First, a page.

To avoid defeat, sponsor delays fetal-homicide bill

DENVER – Facing imminent defeat, the sponsor of a bill that would make it a crime to assault or kill an unborn child asked for a week’s delay on the vote.

Sen. Ellen Roberts, R-Durango, was poised to vote for the bill, after spending much of the Senate Judiciary Committee hearing asking questions and offering ideas to improve it.

But the sponsor, Sen. Shawn Mitchell, R-Broomfield, asked to have House Bill 1130 pulled for a week in the hopes of rewriting it to attract at least one Democratic vote.

Roberts wondered about the bill’s language that makes it a crime to injure or kill “an unborn member of the species homo spaien.”

“What other species would someone be carrying?” Roberts asked.

“That’s a good question,” Mitchell replied.

Roberts also was troubled that, unlike most other states with similar laws, Mitchell’s bill would allow defendants to be charged with crimes against an unborn child even if they did not know the woman was pregnant.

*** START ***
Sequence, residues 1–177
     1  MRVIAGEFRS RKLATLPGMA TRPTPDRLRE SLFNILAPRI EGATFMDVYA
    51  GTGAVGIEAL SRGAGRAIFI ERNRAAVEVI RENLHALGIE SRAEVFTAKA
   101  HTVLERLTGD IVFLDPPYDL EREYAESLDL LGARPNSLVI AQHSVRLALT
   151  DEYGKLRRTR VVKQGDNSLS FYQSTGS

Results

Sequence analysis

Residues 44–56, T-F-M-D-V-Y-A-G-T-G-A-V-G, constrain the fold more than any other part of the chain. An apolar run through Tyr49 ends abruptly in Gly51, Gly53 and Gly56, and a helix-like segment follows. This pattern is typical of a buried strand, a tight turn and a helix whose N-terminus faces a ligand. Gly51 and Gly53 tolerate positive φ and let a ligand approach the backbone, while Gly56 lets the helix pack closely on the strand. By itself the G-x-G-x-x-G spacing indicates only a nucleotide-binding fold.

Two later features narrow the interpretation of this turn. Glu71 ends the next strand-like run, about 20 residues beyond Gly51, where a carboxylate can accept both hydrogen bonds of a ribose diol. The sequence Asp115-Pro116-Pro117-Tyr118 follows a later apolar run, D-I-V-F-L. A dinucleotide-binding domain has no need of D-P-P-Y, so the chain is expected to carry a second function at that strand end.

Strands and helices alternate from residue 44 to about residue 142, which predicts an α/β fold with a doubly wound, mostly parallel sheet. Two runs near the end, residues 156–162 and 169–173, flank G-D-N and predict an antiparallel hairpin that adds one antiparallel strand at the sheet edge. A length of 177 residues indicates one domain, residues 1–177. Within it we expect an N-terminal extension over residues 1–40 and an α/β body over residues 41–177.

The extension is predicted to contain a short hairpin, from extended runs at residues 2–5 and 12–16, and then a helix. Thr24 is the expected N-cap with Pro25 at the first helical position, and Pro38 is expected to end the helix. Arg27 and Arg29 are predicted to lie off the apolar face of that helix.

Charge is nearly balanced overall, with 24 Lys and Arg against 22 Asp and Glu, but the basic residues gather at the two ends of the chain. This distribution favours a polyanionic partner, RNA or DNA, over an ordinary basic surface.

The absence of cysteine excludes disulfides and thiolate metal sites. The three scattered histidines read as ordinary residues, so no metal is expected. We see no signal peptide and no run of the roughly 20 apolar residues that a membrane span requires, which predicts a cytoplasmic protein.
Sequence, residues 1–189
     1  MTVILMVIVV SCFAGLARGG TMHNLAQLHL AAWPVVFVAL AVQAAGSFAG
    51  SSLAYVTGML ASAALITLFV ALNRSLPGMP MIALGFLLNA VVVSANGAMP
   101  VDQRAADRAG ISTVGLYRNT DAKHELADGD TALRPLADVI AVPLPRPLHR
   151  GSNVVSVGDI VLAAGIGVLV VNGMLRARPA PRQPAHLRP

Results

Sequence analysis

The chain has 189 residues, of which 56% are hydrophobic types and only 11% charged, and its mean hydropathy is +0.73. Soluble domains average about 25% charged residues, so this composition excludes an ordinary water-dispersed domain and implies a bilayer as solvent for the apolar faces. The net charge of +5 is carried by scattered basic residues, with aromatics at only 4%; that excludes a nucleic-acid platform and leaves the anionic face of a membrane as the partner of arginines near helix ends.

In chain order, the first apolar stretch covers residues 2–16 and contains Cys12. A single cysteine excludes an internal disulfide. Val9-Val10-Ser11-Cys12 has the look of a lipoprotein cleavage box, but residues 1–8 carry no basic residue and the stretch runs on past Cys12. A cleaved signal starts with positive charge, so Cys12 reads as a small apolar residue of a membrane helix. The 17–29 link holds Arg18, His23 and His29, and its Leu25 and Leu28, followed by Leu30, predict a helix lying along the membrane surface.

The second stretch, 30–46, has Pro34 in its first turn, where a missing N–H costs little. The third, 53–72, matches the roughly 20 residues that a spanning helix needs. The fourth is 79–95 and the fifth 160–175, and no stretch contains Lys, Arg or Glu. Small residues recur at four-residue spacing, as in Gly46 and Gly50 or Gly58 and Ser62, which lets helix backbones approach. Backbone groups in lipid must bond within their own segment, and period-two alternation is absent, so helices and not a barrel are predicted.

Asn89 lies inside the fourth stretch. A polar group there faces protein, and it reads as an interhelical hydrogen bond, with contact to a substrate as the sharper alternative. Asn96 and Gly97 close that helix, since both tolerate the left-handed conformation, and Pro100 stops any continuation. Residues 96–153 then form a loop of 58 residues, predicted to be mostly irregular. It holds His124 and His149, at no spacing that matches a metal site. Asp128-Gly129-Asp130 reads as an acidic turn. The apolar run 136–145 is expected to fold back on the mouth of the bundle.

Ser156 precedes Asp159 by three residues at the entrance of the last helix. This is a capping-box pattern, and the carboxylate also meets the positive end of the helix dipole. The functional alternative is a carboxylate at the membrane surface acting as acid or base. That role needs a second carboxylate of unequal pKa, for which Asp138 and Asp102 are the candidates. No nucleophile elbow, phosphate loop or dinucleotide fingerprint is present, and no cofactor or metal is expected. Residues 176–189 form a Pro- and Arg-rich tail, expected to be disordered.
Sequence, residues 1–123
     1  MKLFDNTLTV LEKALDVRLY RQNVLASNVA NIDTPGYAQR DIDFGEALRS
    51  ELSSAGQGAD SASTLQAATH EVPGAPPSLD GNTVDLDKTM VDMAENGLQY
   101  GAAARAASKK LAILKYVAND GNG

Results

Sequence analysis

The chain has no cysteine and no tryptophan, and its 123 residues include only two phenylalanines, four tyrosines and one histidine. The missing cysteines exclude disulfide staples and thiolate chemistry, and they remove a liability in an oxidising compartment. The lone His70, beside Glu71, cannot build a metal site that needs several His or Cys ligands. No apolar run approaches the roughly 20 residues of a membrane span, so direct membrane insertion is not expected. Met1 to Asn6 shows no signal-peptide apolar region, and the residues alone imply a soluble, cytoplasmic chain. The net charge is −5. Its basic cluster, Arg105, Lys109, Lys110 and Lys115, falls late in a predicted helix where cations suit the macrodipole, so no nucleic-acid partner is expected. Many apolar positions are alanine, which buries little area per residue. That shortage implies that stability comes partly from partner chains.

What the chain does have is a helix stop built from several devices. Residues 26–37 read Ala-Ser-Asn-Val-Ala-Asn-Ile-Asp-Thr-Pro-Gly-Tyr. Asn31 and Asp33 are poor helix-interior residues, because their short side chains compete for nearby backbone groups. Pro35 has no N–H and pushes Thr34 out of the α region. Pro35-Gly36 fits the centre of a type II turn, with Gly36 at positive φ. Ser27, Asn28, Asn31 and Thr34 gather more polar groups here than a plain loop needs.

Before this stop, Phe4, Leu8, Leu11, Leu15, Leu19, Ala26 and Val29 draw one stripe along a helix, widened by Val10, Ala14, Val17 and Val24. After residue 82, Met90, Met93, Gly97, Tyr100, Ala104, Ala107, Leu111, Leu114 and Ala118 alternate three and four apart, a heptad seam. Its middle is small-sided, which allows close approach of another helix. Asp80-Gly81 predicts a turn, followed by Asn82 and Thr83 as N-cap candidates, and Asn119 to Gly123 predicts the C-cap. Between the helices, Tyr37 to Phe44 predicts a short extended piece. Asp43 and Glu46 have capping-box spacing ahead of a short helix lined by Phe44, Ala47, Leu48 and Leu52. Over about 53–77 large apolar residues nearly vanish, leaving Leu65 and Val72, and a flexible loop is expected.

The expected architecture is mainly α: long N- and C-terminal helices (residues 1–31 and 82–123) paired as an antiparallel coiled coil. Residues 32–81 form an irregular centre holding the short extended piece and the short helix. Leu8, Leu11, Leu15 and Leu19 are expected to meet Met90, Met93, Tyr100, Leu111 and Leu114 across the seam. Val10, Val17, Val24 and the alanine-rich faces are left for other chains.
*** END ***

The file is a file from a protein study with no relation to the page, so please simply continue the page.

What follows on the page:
Backers insisted the bill was not about abortion. But witnesses on both sides are familiar players in the abortion debate. Planned Parenthood of the Rocky Mountain sent a lawyer to testify against the bill, while Colorado Right to Life sent witnesses in favor.

Mitchell said 34 other states have laws against harming unborn children.

“It’s a simple bill. It’s a simple concept. It’s a raging and complex debate in society because some people would rather cling to symbolic ground and resist anything that shows respect for a developing being,” Mitchell said.

Kevin Paul, lawyer for Planned Parenthood, said no other state uses legal language similar to what HB 1130 contains. He also said the bill would open the door to legal “personhood” for unborn children – a concept Colorado voters have rejected twice.

“There is simply no way you could adopt this bill without adopting that concept,” Paul said.

The bill would amend the section of Colorado law dealing with “crimes against persons.”

Ed Hanks of Colorado Conservative Action said the bill was “100 percent non-controversial.”

“There is no war on women here,” Hanks said. “This is a struggle to protect women and their children.”

HB 1130 already had passed the House on a 33-32, party-line vote.

A new hearing for the bill has not been scheduled.

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